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End robocalls! Are these nuisance calls going the way of rotary phones?

Phone scams cost consumers an estimated $350 million in financial losses annually

Published: June 19, 2015 04:35 PM

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Just a day after the Federal Communications Commission hit AT&T with a record $100 million fine for slowing download and upload speeds for its unlimited data plans, the FCC voted to help consumers with two more concerns: robocalls and connecting low-income Americans to the Internet.

Robocalls, robotexts, and telemarketing calls are the FCC's leading source of consumer complaints. Commissioners voted 3-2 to make it easier for consumers to say "no" to unwanted calls and texts by putting stricter rules in place and closing loopholes in the law.

FCC Chairman Tom Wheeler made a point of saying phone companies can—should—offer tools for Americans to block robocalls. In the past, some phone companies have resisted doing so, maintaining they did not have the legal authority. But this FCC order makes it clear that the companies can offer this technology without violating FCC rules.

Earlier this year, Consumers Union, the policy and advocacy arm of Consumer Reports, launched the End Robocalls campaign, calling on the major phone companies to provide free, effective tools to block unwanted calls. More 330,000 consumers have signed Consumers Union's petition to the carriers.

"Americans have had enough with robocalls that ring off the hook all day long, and often target them with the latest scams," says Tim Marvin, Consumers Union's End Robocalls campaign manager. "The FCC vote means the phone companies should stop stalling and start providing their customers with free tools to block these calls."

Read more about robocalls, including how robocalls scam the Do Not Call List and tips for stopping robocalls and telemarketers.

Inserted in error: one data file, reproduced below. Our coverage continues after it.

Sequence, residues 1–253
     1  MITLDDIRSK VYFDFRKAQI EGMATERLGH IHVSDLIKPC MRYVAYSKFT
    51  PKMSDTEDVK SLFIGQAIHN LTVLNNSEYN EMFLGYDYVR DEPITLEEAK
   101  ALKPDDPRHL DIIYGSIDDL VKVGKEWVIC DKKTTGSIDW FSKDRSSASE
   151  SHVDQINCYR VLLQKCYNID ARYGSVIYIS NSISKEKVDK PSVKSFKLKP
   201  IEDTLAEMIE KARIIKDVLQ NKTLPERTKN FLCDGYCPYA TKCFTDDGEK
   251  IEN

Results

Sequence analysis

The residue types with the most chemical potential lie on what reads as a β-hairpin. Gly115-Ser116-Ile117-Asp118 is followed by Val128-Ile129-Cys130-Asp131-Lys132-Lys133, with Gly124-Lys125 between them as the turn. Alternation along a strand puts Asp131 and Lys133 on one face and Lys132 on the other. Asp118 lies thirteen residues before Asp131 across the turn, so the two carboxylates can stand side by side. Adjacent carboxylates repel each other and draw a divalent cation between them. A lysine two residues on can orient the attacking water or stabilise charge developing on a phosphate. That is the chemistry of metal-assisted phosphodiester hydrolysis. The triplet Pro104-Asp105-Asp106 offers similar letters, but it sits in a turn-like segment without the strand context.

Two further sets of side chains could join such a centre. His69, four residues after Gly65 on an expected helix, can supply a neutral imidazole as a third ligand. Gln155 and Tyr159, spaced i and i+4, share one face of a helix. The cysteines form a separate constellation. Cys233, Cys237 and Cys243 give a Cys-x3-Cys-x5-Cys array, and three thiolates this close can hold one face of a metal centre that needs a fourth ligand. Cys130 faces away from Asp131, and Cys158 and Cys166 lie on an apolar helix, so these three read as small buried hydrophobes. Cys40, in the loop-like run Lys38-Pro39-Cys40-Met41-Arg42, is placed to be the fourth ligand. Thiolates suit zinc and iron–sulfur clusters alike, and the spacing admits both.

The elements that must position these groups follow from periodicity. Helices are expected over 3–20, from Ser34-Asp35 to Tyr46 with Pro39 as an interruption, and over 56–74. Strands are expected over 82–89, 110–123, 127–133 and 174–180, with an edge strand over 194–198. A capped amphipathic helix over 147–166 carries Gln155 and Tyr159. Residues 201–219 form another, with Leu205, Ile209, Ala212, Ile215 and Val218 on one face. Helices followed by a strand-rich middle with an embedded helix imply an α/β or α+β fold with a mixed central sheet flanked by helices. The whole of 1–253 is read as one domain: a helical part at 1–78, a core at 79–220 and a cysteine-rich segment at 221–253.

More than 217 million phone numbers have been registered on the Federal Trade Commission's Do Not Call registry. Yet robocalls persist as scam artists ignore the lists and use the latest technology to hammer people with calls day and night. Phone scams cost consumers an estimated $350 million in financial losses annually, and we're pleased to see the FCC cracking down on them.

In a separate action, commissioners voted to consider reforming and modernizing a program called Lifeline. The program was started in 1985 during the Reagan administration to help low-income Americans pay for phone service.

Today, Lifeline offers a $9.25 monthly credit for eligible people to put toward landline phone service or wireless plans. Chairman Wheeler wants to expand the program so people can apply the credit to phone service or broadband. The plan would also strengthen oversight and administration of Lifeline, and take additional measures to eliminate waste, fraud, and abuse.

Consumers Union is a longtime supporter of Lifeline because it helps consumers in need get critical communications services. We applaud this effort to restructure the program and connect more Americans to broadband. This vote starts the process of gathering public comments and developing a rule, and we plan to speak out on the need for it.

Delara Derakhshani, policy counsel for Consumers Union, said, "People need broadband more than ever to find a job, keep a job, stay informed, and manage their day-to-day lives. Yet we still have a serious gap where millions of Americans don't have access to affordable broadband. The FCC's plan will help close the broadband gap and make Lifeline more relevant and impactful for a lot more people."

This feature is part of a regular series by Consumers Union, the policy and advocacy arm of Consumer Reports. The nonprofit organization advocates for product safety, financial reform, safer food, health reform, and other consumer issues in Washington, D.C., the states, and in the marketplace.

Read past installments of our Policy & Action feature.

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